In ·1he Heart of Darkness’
Olu Oguibe
Prehisto,y. History. Posthistory. It is evidence o f the arrogance o l Occidental culture an d discourse
lhat even the concept of history should be turned into a colony whose borders. raliditie-s, structures
an d configurations. even life tenure. ara solely and enti rely d ecided by the West. lhisway his tory is
constructedas a validating pr ivilege. which it is the West’s to grant. like United Nations’ reco gnition.
to sections. nations. moments. discourses. cultures, phenomena. realities. peoples. In the past
fiftyy,,ar s. as Occid ental i ndividualism h as grown with industrial hyperrealily, it has become m ore
and more the pri•;ilege of individual dis:ourses and schools of thought lo grant. deny. concede. and retract the right to history. Time and history. we are inst.–ucted. are no longer given. Indeed.
history is to be distinguished from History. and the tatter reserved for rree-market civilisation,
,,,,hich, dependir>g on the school of thought. would e ith erdieor triumph with it. Though they
both share a belief in consolidating systematisation a.s a condition of historicism. Francis
Fu kuyama in the 1980s. and Arnol d Gehlen in th e immediate i,osl-Nazi period differ on the
speaficil ies of the question.Wnile on the one hand Fukuyarna betievesthat the triumpho f f ree
mar~et systematisation over regulated economies marks the end of History.’ Gehlen and the
subsequent school of post-Nazi pessimism posited that the triumph of liberal democracy
aver Fascism marked the end of Historyand t he beginning of PoS!-his toire.
In both cases. what comes oot very clearly. desplie the differences that define and
preoccupy th e di scourse on t he fate ofHistory. is theconsignment of the rest ol h um anity outside
the Old and NewWest into inconsequence- Fe r Gehlen . who had a better an d stronger sense of
history and intellectual integrity than Fukuyama can claim, the entirety cf humanitywas victim to
a universal syncretisrn that subverts the e5Sence of history. For Fuku~1ama. thisuniversality is to
be taken for granted.a lthou gh the major ityofhumanity i s indeed, factuallyand h istorically
speakin g. h ardly subject to l iberal democracy. To a great extent. Humanity. forFuku1-ama and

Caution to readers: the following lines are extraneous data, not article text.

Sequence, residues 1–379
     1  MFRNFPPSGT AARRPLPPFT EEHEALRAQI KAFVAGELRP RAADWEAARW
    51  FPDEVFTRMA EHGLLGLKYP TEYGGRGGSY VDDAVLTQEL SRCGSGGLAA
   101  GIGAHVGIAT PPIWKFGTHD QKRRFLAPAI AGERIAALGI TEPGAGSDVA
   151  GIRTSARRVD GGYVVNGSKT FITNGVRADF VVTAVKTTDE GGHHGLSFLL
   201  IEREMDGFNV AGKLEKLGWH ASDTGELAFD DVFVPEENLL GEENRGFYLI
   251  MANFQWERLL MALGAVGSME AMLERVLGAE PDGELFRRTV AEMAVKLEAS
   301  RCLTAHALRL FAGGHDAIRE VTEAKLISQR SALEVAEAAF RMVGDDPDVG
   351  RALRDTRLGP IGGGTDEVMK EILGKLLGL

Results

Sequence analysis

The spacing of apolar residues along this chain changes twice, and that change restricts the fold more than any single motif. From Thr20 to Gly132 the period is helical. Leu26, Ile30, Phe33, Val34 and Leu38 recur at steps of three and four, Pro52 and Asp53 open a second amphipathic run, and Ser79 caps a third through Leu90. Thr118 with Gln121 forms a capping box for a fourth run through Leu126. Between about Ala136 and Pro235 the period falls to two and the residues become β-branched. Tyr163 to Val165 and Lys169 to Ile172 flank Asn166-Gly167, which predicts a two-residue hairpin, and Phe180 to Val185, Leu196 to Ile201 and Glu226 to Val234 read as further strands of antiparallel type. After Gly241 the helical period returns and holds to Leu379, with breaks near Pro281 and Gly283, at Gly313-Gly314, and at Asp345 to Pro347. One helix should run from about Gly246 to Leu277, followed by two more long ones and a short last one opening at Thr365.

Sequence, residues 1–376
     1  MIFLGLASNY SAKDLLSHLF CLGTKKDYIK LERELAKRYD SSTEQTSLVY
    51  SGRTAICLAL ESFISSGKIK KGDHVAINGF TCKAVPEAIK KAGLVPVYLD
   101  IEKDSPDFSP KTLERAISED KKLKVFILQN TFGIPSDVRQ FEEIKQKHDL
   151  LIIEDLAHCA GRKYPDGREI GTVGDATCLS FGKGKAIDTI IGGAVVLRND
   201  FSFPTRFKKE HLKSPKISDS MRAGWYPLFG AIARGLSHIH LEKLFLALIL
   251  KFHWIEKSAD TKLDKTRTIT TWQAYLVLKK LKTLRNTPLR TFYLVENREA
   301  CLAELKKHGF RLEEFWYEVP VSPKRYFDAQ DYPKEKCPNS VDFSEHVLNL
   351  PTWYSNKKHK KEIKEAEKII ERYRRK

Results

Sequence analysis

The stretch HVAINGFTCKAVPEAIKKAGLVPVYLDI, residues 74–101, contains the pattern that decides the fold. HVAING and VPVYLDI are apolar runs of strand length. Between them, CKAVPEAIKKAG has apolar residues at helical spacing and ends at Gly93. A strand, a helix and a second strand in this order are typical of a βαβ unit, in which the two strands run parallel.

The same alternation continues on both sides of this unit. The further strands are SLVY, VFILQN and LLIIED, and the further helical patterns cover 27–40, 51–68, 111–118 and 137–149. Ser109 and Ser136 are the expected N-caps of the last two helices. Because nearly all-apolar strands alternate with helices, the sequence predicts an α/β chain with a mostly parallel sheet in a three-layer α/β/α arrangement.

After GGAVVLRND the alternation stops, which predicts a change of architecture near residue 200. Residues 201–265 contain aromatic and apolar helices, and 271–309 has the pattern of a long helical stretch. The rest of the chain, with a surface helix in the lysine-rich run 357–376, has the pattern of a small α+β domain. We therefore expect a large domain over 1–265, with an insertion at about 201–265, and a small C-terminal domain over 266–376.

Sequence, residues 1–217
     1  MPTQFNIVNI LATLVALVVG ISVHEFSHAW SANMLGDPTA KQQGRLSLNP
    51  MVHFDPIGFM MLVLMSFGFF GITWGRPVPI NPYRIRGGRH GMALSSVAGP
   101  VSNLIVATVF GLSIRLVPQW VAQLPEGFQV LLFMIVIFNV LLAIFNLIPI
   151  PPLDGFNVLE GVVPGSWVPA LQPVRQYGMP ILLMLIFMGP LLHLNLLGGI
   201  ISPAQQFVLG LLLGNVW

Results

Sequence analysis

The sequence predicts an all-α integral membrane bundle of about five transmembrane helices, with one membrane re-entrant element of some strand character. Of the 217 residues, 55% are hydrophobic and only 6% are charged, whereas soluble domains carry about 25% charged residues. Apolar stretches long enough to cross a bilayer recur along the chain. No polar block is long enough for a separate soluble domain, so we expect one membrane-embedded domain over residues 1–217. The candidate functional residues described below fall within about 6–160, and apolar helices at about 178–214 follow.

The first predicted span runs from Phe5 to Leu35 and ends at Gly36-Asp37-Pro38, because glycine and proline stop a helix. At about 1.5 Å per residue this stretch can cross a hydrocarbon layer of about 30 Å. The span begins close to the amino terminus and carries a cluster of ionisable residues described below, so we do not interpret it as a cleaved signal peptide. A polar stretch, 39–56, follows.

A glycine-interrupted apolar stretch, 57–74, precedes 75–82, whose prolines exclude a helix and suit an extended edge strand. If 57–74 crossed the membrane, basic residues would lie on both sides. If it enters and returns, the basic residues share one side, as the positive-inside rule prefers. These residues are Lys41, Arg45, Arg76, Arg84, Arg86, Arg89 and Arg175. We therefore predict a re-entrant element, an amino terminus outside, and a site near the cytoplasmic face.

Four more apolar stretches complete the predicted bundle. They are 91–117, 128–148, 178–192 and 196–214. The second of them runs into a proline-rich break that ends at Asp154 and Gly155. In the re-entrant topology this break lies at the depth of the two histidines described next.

marry others. is synonymous vvith the Group of $e!en and Eastern Europe. Under Reaganism­
Thatcherism even lhe spatial definitionof historyseverely retrac1s to the Pre-Columbian.
The contest forHistory iscentral lo lh e struggle for a redefin ition and eventual decimation of
centrism and its engendering discourse.VJithout restituting History to other than just the Ocetdent.
or more accurately, recognising th e u nr…,rsa!ity of the concept of Historywhile perhaps leaving
its specific configurations to individual cultures, it is untenable and unrealistic to place such other
temporal and id eological concepts as Modernism. Moderni~J. Contemparameity, Oevelopmenl ,
in the a rena. IfTime is a colony, then nothing is free.
Premodem ism. Mo dernism. Postmodernism . Forth eWest erase Premooernis m. For lhe rest
replace with Primitivism. It is tempting to dwellon the denialof modernitytoA.frica orcuttures

322 Reading t”e Contemporary
other ti-an theWer,t. The underlying necessity to consign the res, of huma1ity to ant ,qu,;y and
atrophy so as to cast the West in the jght ofprogress and c :vil1satton has been sufficientlyexplored
by scholars. Hnot for the conti …,uing ar.d pervading powers an d impl ications ofwhat Edward Said
hasc’esc~b£d as structures of reference, it would be mpl’oper to spend l meo– the q …estion. It is
impor’..a nt to undetstand th~tv,l·te counter-ceritrist dis~o-rse has a responsib;lity to explore and expose thesestructures. thete is an element of conce-ssionism in tc:hering all Ciscourse to the role
and place of the outsiee.To perpetvally c:oun:er a centre ·s to recognise il. In otherwords, d sc:::>urse
– ourd scourse – should begin tom ove in the d,rect,on o:d smiss1n9. at leas: indiscursive terms.
the conceot of a cen tre, not bymO’Jing 1~. ;sNgLgi nas suggested.: bul by superseding it it is
in th1sconte:.d that a ny meaning futd’.scussion oi modernity and·modernism· in Africa mus.t be
conducted. ;-ot in relation to the idea of an existing centre or a ·modernism· agains1 which we must
aH find our bearings. but in recognmor of the mJh. pticky and :ulture-specificityof mcderr:ism 5
a i d the pluralityof centres. The history ofdevelopm en t i;Ajrk.&n socteties hasmetam~rph os.ed
quite considerably ovef lhe c.ent1.-ne-s, ~:;!r”‘;in9 frQm:heaccounts ofArabscholars and adventurer s
as •.-.,eHas internal records of royalties 2nd ~ing:’oms. to the subversive colon ialist narra1,ves and mega-narratives. Recent times have wnnessed re•:1s1ons i… earlier texts. ano a
gro·.·.•in9 willingness to adrr:it the shortcomings of outsider narraiives. Coontering discourses h2ve
pul ‘”-istory. v:ith allns inconsistencies ard vutnerabili~ies, back in the hands of each o•Nning society.
and shown howca refullyw,, must lread.
Ill In light of theab0’1e. the concept ofan .African culture. O’” an Africar1ty.which1s qurte o ften taken for
granted. isequally problematte. ltseems to ~ e thatw~ cannot discussan African mc.dernilyor
· mode …nism· ..-11thout agreeing first on eithe- the fictivenfss cf ·Atri:-ann.y· or the impe ..etive of
a plural ity of ·modernism s· inAfrica.
Ofcourse. one may well ~e wrong here. Yet it is to be recognised tha’:. like ‘:he entity and idea
called Eu rope. the specificities ofwhich ~ro s’.ill in the making and l~e collective h story ofwhich
dates no earlier~han Napoleon – the idea of Rome and Greece is d ishonest – Africa isa historical
construct rather than a definitrve. t✓. anyhave argued. prominent among them the Afrocenlfist
school the a nt,quityof a Bla ce !gu-.;1. wo-…oflg ,~eCer.’.N:: The S•n.,gy’e iorC :J:L–,;t
Freniom .Londc”l: H~i- n,;,Jnn. i~Y3,.

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